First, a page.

Blurred vision, also described as clouded or dimmed vision, can:
Most cases are treatable but it’s important to pinpoint the cause.
There are many possible reasons for blurred vision.
You can book an appointment with a Spire private GP today.
The cone cells on the macula (a part of your eye that’s vital for seeing) become damaged, leading to loss of central vision. There are two main types: dry AMD, which progresses slowly but is untreatable, and wet AMD, which progresses more rapidly but is treatable, especially if spotted early.
Blurred vision that occurs with double vision can be a sign of a health emergency, such as a brain haemorrhage or stroke.
A cataract is the gradual clouding of your lens, which is a transparent disc behind your iris (the coloured part of your eye). It’s common in people over 65, though it can happen earlier. Besides blurred vision, symptoms include sensitivity to light and a dulling effect on colours. Luckily, it’s easily treated with cataract surgery.
Over time, diabetes can lead to a condition called retinopathy, when the tiny blood vessels at the back of your eye become blocked and leak. This damages your retina, which is essential for vision and can lead to sight loss. However, it can be prevented if detected early through regular screening.
There are four types of glaucoma, which can lead to a build-up of pressure in your eye, damaging the optic nerve. This can permanently damage your sight, especially your peripheral vision, but once it’s detected, sight loss can usually be prevented.
This is an autoimmune disease that causes your body to attack the protective coating that wraps around your nerve cells, causing these cells to become damaged. Vision problems are very common in people with multiple sclerosis and include blurred and double vision.
It’s important to get a diagnosis for blurred vision as soon as possible, especially if it's come on suddenly and/or you have other symptoms. See your optometrist or GP for further investigations.
They will ask you questions to determine your exact symptoms, such as when you first noticed your vision was blurry and what makes your blurred vision better or worse. They may also ask about your medical history and your family's medical history.
Next, they may examine your eyes and check your vision by asking you to read an eye chart. Other investigations they may carry out include:
Go straight to your nearest A&E department if you also have:
Some of these symptoms overlap with the symptoms of a stroke.
Treatment depends on the cause. They may include:
If an underlying health condition, such as a migraine, is the cause of your blurred vision, you will receive treatments specific to your condition.
If eye strain or wearing your contact lenses for too long is the cause of your blurred vision, your optometrist or GP may offer lifestyle advice.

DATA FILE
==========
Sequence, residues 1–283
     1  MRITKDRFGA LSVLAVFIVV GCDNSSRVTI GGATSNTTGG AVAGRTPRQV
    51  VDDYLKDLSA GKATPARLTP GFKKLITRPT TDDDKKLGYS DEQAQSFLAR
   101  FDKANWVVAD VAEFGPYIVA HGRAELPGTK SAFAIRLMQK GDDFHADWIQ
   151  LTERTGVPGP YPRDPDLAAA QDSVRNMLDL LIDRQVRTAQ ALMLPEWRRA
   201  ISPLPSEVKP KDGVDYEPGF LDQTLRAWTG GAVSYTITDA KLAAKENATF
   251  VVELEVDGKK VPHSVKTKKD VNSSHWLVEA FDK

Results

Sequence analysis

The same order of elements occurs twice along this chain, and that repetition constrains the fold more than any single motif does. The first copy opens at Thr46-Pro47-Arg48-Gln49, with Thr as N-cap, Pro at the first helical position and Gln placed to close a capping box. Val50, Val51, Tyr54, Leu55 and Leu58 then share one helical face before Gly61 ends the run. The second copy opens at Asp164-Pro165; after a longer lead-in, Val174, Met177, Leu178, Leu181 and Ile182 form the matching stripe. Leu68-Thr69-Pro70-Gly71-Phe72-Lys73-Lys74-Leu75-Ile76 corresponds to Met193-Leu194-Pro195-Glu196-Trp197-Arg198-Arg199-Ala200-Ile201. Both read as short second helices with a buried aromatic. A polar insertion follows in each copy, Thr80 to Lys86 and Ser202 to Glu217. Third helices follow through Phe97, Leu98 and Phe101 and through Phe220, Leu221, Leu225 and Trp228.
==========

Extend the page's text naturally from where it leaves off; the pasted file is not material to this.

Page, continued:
Some causes of blurred vision can't be prevented. However, you can reduce your risk of blurred vision caused by lifestyle factors. You can:
Why is my vision suddenly blurry?
Sudden blurred vision is usually caused by injury or a sudden health event, such as:
Is sudden blurred vision an emergency?
Sudden blurred vision can be a medical emergency depending on the cause and other accompanying symptoms. It can be a sign of a brain haemorrhage, retinal detachment or stroke. If you have sudden blurred vision, call your GP immediately.
Is blurred vision a sign of diabetes?
Yes, blurred vision can be a sign of diabetes. Over time, diabetes can lead to a condition called retinopathy, when the tiny blood vessels at the back of your eye become blocked and leak. This damages your retina, which is essential for vision and can lead to sight loss. However, it can be prevented if detected early through regular screening.
How do you get rid of blurry vision?
Blurry vision can be effectively treated in many cases. However, the treatment will depend on the cause of your blurry vision. This may include:
If an underlying health condition, such as a migraine, is the cause of your blurred vision, you will receive treatments specific to your condition. If eye strain or wearing your contact lenses for too long is the cause of your blurred vision, your optometrist or GP may offer lifestyle advice.
How do glasses correct blurred vision?
If your blurred vision is due to a refractive error, such as short or long sight, astigmatism or presbyopia (age-related loss of your near sight), glasses can correct it.
In each of these conditions, light entering your eye fails to focus properly on the back of your eye (retina), which causes blurry vision. Wearing prescription glasses that are specifically made to correct your refractive error, help your eyes focus the light correctly on your retina.
Does high blood pressure cause blurry vision?
Yes, high blood pressure can cause blurry vision by damaging the vessels that supply blood to the back of your eye (retina), which is essential for vision. If you are concerned that you have high blood pressure, see your GP.